13800 W. North Avenue Suite 110
Brookfield, WI  53005
Serving Brookfield & Greater Milwaukee
Call today: (262) 717-4000

Your frequently asked questions about breast augmentation answered.

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  • Why can breasts be small?

    Inadequate breast size usually results from one of two causes:

    • Lack of development of breast size during puberty
    • Loss of breast fullness following pregnancy
  • How does pregnancy affect the breast?

    During pregnancy, breast enlargement occurs and stretches the skin envelope of the breast. When pregnancy and nursing are over, the tissue within the breast involutes, or shrinks, usually to a size smaller than it was originally. The skin, however, remains slightly stretched and the tissue falls to the bottom of the stretched skin envelope. Usually, the result is a breast with somewhat loose skin with breast tissue in the lower part of the breast and an empty upper breast.

  • How much can the breast be enlarged?

    This depends on the degree of stretching of the skin envelope and your desires regarding your breast size. For example, if you have never been pregnant and have a very small A cup breast, then your skin may be very tight. If this is the case, Dr. Kinney would be limited by your skin envelope and elasticity. If you have lost breast volume, but have loose skin, Dr. Kinney needs to fill the skin envelope and will choose an implant size and shape that will fill your skin envelope.

  • What are my options?

    At your consultation, Dr. Kinney will discuss your preferences regarding breast size, incision location, and most importantly, exactly how you would like your breast to look.

    Often, women want to achieve more cleavage. The ability to have cleavage is dependent on the position of the breasts on the individual woman’s chest wall. Even with a significant breast augmentation, you may not be able to have cleavage.

    After examining you, he will recommend a range of options for implant type, size, and incision location that will be best for your breast and balance with the rest of your figure. He will always honor your choices of alternatives if he can achieve an aesthetic breast using your choices.

  • Tell me about breast implants and breast cancer...

    Breast implants do not cause breast cancer. Excellent scientific studies indicate that breast cancer occurs in about ten percent of women regardless of whether or not they’ve had breast augmentation.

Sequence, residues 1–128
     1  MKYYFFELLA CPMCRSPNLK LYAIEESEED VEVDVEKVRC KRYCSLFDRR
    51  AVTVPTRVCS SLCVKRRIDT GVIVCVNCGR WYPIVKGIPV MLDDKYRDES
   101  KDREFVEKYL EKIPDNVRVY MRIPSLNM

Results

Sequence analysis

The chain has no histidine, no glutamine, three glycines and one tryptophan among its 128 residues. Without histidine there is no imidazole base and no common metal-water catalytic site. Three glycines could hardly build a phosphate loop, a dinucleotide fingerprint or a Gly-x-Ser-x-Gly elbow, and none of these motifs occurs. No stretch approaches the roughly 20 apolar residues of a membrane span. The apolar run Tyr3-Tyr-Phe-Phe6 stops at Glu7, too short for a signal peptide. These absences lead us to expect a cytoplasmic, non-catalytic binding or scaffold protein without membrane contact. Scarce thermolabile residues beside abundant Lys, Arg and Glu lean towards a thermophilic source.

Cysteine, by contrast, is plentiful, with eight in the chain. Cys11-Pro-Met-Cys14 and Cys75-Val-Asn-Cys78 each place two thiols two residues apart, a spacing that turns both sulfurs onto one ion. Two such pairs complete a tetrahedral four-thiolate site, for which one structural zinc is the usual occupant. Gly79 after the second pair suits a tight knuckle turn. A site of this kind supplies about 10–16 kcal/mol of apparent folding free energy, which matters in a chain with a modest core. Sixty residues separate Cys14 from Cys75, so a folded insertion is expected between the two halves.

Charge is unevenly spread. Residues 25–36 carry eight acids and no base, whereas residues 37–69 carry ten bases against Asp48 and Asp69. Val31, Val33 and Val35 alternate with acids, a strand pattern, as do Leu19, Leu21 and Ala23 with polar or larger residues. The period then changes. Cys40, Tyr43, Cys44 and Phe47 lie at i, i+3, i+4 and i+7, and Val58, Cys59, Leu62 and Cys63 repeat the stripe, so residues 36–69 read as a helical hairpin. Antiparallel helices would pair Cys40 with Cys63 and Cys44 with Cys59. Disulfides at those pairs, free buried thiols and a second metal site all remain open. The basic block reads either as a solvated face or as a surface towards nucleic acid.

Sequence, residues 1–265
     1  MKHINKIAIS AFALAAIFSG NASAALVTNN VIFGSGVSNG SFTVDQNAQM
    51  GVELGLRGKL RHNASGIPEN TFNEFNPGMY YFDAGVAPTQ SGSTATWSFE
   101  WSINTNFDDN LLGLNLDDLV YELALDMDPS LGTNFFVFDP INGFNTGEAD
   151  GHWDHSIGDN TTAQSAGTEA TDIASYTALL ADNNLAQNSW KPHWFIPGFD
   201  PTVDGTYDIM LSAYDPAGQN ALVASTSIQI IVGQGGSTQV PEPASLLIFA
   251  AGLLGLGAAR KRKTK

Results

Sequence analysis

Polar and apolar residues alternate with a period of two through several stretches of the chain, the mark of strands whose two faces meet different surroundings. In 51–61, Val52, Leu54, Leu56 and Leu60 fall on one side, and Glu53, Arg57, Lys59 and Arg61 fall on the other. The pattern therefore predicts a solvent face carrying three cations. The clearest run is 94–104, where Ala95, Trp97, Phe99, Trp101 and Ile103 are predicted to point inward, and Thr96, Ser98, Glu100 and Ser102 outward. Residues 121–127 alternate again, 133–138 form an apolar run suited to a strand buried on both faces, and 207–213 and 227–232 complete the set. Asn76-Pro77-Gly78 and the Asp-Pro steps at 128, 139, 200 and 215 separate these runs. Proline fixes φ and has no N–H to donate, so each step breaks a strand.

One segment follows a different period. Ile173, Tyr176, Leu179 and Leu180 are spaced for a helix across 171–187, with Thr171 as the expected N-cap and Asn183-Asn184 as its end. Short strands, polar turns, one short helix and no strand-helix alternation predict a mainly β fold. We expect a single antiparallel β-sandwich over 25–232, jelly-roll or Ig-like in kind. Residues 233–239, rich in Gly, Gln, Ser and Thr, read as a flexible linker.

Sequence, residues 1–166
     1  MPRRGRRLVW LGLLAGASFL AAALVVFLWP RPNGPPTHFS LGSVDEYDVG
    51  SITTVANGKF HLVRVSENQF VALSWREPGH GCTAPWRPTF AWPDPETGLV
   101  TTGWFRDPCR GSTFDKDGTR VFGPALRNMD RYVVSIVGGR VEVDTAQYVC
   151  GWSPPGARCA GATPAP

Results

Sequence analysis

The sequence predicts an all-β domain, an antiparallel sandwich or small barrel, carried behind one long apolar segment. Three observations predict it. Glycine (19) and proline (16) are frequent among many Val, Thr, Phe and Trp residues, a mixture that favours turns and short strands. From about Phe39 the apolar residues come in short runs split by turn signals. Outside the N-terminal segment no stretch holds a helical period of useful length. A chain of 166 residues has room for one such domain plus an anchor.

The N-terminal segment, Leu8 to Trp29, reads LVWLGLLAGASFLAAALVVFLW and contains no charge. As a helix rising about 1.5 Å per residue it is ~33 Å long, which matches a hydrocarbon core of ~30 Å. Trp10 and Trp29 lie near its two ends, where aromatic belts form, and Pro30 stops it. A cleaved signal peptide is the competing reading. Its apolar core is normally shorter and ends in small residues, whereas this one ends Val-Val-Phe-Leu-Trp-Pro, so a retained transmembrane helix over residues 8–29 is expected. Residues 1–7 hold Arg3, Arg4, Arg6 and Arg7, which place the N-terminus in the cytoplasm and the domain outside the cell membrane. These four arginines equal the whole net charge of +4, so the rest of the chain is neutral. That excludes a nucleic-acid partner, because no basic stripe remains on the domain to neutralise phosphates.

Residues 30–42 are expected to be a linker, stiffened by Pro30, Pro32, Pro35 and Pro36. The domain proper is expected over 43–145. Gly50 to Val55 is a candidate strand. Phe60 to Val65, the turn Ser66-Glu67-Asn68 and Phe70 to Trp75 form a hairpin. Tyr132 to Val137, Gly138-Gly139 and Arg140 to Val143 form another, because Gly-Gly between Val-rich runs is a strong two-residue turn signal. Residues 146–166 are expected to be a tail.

• What about breast implants and mammography?

    Breast implants can make a mammogram more difficult to read. This does not mean that a mammogram cannot be adequately read, but simply that the mammograms must be performed and read by someone experienced in the proper techniques. When a breast implant is present, the breast tissue should be pulled forward in front of the implant for a mammogram. This maneuver, combined with additional views of the breast if necessary, allows optimal visualization of the breast tissue if you have implants.

  • What about the differences between my breasts?

    Differences often exist between your breasts – they are different sizes, and the nipple locations are also different. After breast augmentation, these differences will remain, and in some cases may be exaggerated.

  • What kinds of implants are available?

    The implant choice is an ever-changing selection at this time. For the first six years of Dr. Kinney’s practice, we were only allowed to use saline filled implants. Most recently, we’ve been able to use silicone gel implants for augmentation purposes in conjunction with an outcome study set up by the FDA and implant manufacturers. These studies have a cap on the number of women we can enroll so we are not always able to offer silicone gel implants. Saline implants are always available.

    In addition to the implant filler, there are many other decisions to be made such as the shape and size of the implant, implant placement in the breast pocket (under or on top of the pectoralis muscle) and incision placement.

  • How does the body respond to implants?